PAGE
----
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Wed Nov 15, 2017, 03:19 PM

The whole UCLA player shoplifting thing...

Let me understand this. The UCLA players did in fact commit a crime, and Trump got them off the hook with no consequences (in China, at least)? Are we supposed to applaud Trump's use of a "get-out-of-jail-free" card in this instance? Something doesn't feel right about that to me. I mean, if these kids had done this on UCLA's campus, and were given a pass based on their status as athletes, we wouldn't be cool with that, right?

Is it because China's punishment may have been harsher than for a similar circumstance in the US?

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Arrow 20 replies Author Time Post
Reply The whole UCLA player shoplifting thing... (Original post)
ExciteBike66 Nov 2017 OP
exboyfil Nov 2017 #1
Demsrule86 Nov 2017 #2
ExciteBike66 Nov 2017 #7
Demsrule86 Nov 2017 #9
ExciteBike66 Nov 2017 #10
LisaL Nov 2017 #18
MaryMagdaline Nov 2017 #3
MineralMan Nov 2017 #4
exboyfil Nov 2017 #6
MineralMan Nov 2017 #8
WillowTree Nov 2017 #11
MineralMan Nov 2017 #12
WillowTree Nov 2017 #13
MineralMan Nov 2017 #14
WillowTree Nov 2017 #16
LisaL Nov 2017 #17
WillowTree Nov 2017 #19
brewens Nov 2017 #15
exboyfil Nov 2017 #5
Are_grits_groceries Nov 2017 #20

Response to ExciteBike66 (Original post)

Wed Nov 15, 2017, 03:29 PM

1. This is one of the reasons for a State Department

They do work to minimize the impact to US citizens accused or convicted of crimes. This is the State Department that Trump is gutting. My hope.would be that all US citizens are treated equally that the players fame did not make the situation easier or harder. If Trump used his influence to prevent unfair treatment that is to the good. If he exerted pressure greater than the Us State Dept. Then that is a problem.

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Response to ExciteBike66 (Original post)

Wed Nov 15, 2017, 03:32 PM

2. The penalty would be ten years in China...so no I don't agree.

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Response to Demsrule86 (Reply #2)

Wed Nov 15, 2017, 03:41 PM

7. Is that the automatic penalty for first-time offenses?

I have seen it written that there are several possible penalties in China, and also we would probably need more info as to the value of items stolen.

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Response to ExciteBike66 (Reply #7)

Wed Nov 15, 2017, 03:45 PM

9. Three to Ten years...

But I don't want American kids rotting in jail for any amount of time in China ...a totalitarian government. One day would be too long.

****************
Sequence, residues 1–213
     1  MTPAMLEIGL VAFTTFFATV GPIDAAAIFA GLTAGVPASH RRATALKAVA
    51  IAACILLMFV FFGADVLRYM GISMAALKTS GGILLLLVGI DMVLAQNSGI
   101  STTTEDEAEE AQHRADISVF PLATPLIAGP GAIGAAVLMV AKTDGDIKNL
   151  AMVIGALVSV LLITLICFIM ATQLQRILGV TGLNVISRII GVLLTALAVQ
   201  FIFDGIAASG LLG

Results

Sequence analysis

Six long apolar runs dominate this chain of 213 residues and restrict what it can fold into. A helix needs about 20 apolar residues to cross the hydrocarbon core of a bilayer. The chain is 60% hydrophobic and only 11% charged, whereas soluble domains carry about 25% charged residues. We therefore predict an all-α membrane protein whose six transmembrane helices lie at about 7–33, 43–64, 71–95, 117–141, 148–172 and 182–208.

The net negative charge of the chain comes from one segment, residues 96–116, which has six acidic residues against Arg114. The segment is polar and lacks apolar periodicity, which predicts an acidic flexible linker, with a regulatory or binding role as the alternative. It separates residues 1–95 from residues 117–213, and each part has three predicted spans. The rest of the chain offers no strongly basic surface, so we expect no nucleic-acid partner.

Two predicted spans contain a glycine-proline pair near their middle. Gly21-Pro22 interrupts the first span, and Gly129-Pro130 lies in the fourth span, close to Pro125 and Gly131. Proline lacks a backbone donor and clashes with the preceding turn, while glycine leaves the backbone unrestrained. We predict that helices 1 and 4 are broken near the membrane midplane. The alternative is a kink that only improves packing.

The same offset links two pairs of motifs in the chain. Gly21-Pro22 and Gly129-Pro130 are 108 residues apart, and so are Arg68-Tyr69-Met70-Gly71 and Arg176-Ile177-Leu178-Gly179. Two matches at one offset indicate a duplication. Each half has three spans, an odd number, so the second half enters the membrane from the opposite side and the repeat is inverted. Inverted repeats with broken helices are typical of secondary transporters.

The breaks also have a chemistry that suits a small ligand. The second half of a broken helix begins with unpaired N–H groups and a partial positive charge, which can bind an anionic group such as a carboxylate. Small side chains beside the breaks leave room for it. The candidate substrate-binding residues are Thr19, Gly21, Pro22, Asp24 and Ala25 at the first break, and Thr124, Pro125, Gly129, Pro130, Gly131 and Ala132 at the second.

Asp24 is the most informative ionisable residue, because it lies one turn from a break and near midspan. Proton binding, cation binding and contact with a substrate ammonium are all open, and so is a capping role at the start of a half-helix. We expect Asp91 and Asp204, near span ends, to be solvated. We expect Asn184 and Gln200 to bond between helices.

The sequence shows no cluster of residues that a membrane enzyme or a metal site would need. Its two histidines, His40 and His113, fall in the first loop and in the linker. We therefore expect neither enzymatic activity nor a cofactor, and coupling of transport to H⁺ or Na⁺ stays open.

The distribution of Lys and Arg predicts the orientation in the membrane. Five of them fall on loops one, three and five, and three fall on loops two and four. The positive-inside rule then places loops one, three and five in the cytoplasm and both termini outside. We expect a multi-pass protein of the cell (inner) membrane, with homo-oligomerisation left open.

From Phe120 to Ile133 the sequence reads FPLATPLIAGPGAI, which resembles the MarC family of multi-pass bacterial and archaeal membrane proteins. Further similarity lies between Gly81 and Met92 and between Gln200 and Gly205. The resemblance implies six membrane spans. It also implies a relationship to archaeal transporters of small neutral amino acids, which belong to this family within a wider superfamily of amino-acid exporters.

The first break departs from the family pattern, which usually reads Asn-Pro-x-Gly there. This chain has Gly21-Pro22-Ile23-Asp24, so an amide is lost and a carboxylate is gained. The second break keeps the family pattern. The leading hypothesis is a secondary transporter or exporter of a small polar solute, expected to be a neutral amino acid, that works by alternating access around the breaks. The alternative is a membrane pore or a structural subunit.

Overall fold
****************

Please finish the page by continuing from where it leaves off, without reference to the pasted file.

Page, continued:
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Response to Demsrule86 (Reply #9)

Wed Nov 15, 2017, 04:17 PM

18. If you go to other country and commit a crime, why shouldn't you suffer the consequences?

Or do you think US citizens should get off for crimes they commit in other countries because they are US citizens?

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Response to ExciteBike66 (Original post)

Wed Nov 15, 2017, 03:32 PM

3. Bring them home

The President, the State Department, et al., did the right thing to bring them home. We don't know if there was restitution paid (this is sometimes done in the US -- retailers will sometimes accept restitution in lieu of prosecution). Since they stole something, they don't deserve to get out of jail free, but they were brought to China by UCLA. As a courtesy to UCLA and USA, China let them go home. How many thousands of Chinese students attend California universities? (They are given preference because they pay cash and their tests scores, very often totally bogus, are accepted at face value over American students). Keeping on the good side of UCLA was probably smart for China.

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Response to MaryMagdaline (Reply #3)

Wed Nov 15, 2017, 03:35 PM

4. They are home, and have been suspended from their team

indefinitely, but others have been jailed here for shoplifting who weren't star athletes. Lots of injustices out there, it seems.

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Response to MineralMan (Reply #4)

Wed Nov 15, 2017, 03:39 PM

6. I have not kept up

Are there are cases being cited regarding US citizens caught shoplifting in China - that would be an interesting contrast. My suspicion was that the State Department would get involved in those cases.